Week One : Come up with a concept and target a specific audience. Develop a storyboard with sketch drawings and frame story ideas. Invite in an author/illustrator to talk about the process.
Week Two : Write a rough draft of the story in Microsoft Word and proofread. Begin work on the computers.
Week Three : Work towards completion of pictures and words; Consider adding multimedia elements such as audio narration, slide and image transitions, etc. Classmates read and critique the developing picture books, providing authentic input for revisions.
Week Four : Invite students from younger grades to tour the classroom in round robin format, reading and/or listening to stories and asking questions of writers; reflect on process and experience.
Week Five and beyond : Publish the picture books to the Sixth Grade Weblog (for families) and print out two copies of every book (one for writers and one for school library). Teacher grades projects.
“ I consider my book to be truly digital because some of the best parts (hyperlinks, movement, etc) are not part of the paper book and therefore, the paper book isn’t really complete at all.” – Mika C.
“ Digital and traditional books are different because you can make things move (in a digital book) and it can have such things as sound, graphics and movement of any kind.” – Alex T.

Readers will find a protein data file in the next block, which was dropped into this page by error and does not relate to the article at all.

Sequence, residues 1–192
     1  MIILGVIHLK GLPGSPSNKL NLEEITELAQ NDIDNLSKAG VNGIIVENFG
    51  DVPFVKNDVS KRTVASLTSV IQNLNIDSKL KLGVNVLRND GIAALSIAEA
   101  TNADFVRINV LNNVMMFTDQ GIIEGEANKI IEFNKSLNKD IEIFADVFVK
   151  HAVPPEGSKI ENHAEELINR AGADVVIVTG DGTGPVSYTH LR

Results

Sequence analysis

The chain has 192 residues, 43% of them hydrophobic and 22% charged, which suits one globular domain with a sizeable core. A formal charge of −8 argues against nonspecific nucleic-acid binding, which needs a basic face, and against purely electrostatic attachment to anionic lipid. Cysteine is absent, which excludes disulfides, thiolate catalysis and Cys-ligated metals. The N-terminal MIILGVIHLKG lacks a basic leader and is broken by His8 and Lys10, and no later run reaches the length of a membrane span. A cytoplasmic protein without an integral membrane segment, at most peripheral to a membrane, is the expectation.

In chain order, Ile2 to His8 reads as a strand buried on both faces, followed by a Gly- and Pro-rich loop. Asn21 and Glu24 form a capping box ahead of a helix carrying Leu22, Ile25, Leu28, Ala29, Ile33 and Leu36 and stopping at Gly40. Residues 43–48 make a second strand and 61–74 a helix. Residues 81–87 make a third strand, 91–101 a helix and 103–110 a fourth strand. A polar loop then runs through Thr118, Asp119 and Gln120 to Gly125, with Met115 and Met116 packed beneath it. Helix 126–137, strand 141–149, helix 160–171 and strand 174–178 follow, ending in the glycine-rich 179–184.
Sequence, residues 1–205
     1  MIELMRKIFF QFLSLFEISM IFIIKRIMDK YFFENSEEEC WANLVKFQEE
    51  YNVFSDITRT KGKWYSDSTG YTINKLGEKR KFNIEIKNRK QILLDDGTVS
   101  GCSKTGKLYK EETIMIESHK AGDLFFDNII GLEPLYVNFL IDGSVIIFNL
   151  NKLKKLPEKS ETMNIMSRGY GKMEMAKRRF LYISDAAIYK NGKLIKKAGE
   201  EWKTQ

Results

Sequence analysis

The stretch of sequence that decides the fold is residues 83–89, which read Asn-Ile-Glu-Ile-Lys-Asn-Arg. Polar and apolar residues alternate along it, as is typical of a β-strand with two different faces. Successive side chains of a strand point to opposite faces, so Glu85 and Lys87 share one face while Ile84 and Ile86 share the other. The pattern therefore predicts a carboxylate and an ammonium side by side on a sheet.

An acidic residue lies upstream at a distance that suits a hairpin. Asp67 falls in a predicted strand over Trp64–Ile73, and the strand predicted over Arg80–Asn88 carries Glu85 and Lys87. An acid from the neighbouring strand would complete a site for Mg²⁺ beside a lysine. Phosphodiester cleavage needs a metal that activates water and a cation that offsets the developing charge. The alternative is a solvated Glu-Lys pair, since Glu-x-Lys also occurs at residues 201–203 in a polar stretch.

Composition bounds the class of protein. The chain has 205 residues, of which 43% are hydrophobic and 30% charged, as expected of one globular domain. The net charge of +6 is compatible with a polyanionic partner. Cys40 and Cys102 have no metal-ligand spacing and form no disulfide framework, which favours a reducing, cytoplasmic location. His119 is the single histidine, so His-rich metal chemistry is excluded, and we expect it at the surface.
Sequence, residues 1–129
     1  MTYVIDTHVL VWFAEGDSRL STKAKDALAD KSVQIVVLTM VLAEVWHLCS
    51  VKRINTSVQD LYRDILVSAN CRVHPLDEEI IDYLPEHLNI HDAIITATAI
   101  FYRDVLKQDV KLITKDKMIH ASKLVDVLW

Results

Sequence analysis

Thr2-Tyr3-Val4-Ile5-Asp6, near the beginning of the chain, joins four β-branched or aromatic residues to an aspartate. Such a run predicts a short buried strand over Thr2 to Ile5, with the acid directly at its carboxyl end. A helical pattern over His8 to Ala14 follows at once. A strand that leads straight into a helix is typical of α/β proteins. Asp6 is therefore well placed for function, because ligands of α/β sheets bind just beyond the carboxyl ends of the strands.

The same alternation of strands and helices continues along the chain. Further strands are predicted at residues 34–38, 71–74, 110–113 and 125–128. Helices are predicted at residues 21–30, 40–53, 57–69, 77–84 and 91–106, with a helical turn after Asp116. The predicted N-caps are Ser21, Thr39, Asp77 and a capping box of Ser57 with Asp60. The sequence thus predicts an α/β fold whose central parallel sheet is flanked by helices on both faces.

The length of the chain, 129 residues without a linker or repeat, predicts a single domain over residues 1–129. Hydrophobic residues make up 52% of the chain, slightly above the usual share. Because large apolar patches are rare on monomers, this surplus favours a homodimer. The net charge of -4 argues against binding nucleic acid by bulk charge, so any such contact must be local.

Younger grades visit and watch “books” on the computers, ask questions
Publish an electronic version to our Weblog site for families to view as a slide shows
Print out paper copies for both home and for Norris library
Copies sent home on flash drives and CDs
Connections to Massachusetts Curriculum Frameworks: ELA
GENERAL STANDARD 20: Consideration of Audience and Purpose Students will write for different audiences and purposes
GENERAL STANDARD 22: Standard English Conventions Students will use knowledge of standard English conventions in their writing, revising, and editing
GENERAL STANDARD 25: Evaluating Writing and Presentations* (Continued) Students will develop and use appropriate rhetorical, logical, and stylistic criteria for assessing final versions of their compositions or research projects before presenting them to varied audiences
GENERAL STANDARD 27: Media Production* Students will design and create coherent media productions (audio, video, television, multimedia, Internet, emerging technologies) with a clear controlling idea, adequate detail, and appropriate consideration of audience, purpose, and medium
Connections to Massachusetts Curriculum Frameworks: Science (Biology Strand)
Broad Concept : All living things are composed of cells. Life processes in a cell are based on molecular interactions.
General Standard 2.1 Relate cell parts/organelles to their functions.*
General Standard 2.10 Describe and compare the processes of mitosis and meiosis, and their role in the cell cycle.
Does this project directly help with standardized testing?
Not directly, perhaps – but it helps students with: